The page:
When the Rays begin a three-game series with the Cardinals Friday at Tropicana Field, it's sort of like a homecoming for the visiting club.
For some six decades, the Cardinals called St. Petersburg home. Well, at least for parts of the year. But the Cardinals return for only the second time since leaving the city for good in 2007.
The Cardinals trained in St. Petersburg each spring, had a Florida State League team that played home games at Al Lang Stadium for 33 years and the team's minor league headquarters were in the Sunshine City.
In fact, there are still pockets of St. Petersburg where more Cardinals fans can be found than Rays fans. When the Cardinals won the National League Championship series in 2004, Ferg's Sports Bar was packed with Cardinals fans, all locals.
To this day, a neon Cardinals sign hangs in the front window of the famous El Cap eatery on Fourth Street.
The Cardinals were so much a part of St. Petersburg, the team made civil rights history in the early 1960s.
This was a time when Jim Crow laws were still very much the standard in St. Petersburg, a time before the University of Florida football team had been integrated, over 10 years before Bobby Bowden would arrive in Tallahassee to begin a football dynasty.
The Cardinals, as was the custom in those days, had segregated housing for players. White players stayed at the Vinoy or perhaps like Stan Musial, had their own waterfront housing on the beaches. Players of color had lesser quarters.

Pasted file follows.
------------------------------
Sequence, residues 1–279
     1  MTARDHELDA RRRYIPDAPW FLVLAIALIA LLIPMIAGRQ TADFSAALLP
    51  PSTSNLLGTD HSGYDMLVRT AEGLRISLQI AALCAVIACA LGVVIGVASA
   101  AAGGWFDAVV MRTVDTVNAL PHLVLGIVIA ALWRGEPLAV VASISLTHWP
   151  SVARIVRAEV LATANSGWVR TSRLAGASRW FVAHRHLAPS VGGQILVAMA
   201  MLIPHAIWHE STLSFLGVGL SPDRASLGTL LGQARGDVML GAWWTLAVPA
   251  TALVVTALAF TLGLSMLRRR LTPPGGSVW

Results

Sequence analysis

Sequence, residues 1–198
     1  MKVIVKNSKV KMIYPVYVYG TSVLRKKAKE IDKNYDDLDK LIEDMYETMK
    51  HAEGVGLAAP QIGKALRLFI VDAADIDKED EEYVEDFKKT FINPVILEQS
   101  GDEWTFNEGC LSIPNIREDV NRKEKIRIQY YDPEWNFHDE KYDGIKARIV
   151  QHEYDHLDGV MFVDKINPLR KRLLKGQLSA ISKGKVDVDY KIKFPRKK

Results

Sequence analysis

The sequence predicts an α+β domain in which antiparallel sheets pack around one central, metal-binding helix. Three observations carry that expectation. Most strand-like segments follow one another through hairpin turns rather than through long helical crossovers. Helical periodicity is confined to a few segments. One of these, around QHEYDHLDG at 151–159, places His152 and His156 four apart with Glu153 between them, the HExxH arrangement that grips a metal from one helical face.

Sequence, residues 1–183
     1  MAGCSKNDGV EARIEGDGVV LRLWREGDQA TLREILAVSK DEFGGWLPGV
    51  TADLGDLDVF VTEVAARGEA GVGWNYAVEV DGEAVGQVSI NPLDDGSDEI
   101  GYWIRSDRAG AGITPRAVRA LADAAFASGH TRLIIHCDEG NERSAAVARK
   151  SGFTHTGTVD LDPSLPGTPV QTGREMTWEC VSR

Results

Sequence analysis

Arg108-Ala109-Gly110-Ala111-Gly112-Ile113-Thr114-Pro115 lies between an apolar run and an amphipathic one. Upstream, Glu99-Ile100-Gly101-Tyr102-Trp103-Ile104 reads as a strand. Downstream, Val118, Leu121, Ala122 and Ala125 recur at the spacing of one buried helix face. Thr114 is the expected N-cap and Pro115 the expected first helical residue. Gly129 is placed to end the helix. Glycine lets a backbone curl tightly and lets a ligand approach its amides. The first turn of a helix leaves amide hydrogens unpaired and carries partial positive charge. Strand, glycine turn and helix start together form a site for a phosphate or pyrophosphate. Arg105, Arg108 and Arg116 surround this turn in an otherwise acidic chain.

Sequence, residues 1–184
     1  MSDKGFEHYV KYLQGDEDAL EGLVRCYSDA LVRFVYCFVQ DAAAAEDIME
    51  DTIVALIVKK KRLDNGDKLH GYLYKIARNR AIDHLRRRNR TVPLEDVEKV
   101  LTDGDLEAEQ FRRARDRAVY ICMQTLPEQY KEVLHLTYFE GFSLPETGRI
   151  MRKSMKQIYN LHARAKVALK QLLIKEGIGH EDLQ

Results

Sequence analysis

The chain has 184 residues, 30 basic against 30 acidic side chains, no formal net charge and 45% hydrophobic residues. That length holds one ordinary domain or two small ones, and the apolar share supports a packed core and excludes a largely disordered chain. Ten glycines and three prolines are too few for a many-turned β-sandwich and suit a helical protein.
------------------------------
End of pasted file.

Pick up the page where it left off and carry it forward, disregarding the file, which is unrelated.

Players began to complain to beer baron Gussie Busch, who owns the Cardinals, as was detailed in the book October 1964 by David Halberstam. Busch was oblivious to the situation, so he claimed. Using his significant power and his strong personality, he demanded that local hotels open doors to all Cardinals players regardless of color, or he would pull the team out of the city.
Local businessmen capitulated and at least for baseball, a major victory for civil rights was won in St. Petersburg, becoming the first city in Florida to host spring training baseball where housing for players was integrated.
Later, Cardinals Hall of Fame pitcher Bob Gibson scoffed that Busch was at least partially motivated to expand beer sales in demanding St. Petersburg hotels change their ways.
The Cardinals last held spring training in St. Petersburg in 1997. They had to make room for the Rays, which was part of the contract with Major League Baseball.
So many of the games greats played in St. Petersburg wearing the iconic Birds on the Bat logo... Stan Musial, Ducky Medwick, Gibson, Lou Brock, Steve Carlton, Ozzie Smith, Bruce Sutter... the list goes on.
Hall of Fame manager Whitey Herzog, who managed the Cardinals for 11 seasons, waxed poetic in the St. Petersburg Times in 2008 about the St. Petersburg and the Cardinals.
"I loved it there. I was there so much with the Yankees (as a player), with the Mets (as a coach and farm director) and with the Cardinals (managing for 11 seasons), St. Petersburg was like my second home.
"When I first went there in 1955 we stayed at the Soreno Hotel. There weren't any high-rises and we'd just sit on the green benches on the Main Street. And if you saw a woman under 50 you went crazy.”
So don't be shocked if The Trop has a lot of red-clad fans this weekend. It's a homecoming.
A homecoming for Cardinals fans.